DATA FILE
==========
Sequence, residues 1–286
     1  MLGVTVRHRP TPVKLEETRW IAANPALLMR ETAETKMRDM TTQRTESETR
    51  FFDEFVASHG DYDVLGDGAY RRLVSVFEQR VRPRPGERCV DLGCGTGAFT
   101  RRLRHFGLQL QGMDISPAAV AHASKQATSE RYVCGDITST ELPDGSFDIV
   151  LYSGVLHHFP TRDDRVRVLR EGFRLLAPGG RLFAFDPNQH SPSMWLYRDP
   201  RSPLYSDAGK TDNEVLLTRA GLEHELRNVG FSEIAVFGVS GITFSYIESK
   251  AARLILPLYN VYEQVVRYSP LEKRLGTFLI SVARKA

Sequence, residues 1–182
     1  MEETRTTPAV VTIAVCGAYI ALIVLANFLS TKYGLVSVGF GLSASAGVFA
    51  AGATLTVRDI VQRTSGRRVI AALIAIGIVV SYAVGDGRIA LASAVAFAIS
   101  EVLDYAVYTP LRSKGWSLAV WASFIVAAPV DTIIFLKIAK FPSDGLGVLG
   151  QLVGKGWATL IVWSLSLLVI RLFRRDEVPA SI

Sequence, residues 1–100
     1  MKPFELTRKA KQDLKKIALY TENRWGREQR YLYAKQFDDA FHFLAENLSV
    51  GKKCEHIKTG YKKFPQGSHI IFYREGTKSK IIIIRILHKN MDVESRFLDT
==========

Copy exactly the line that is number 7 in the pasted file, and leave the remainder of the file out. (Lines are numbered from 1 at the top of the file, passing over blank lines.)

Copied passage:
   251  AARLILPLYN VYEQVVRYSP LEKRLGTFLI SVARKA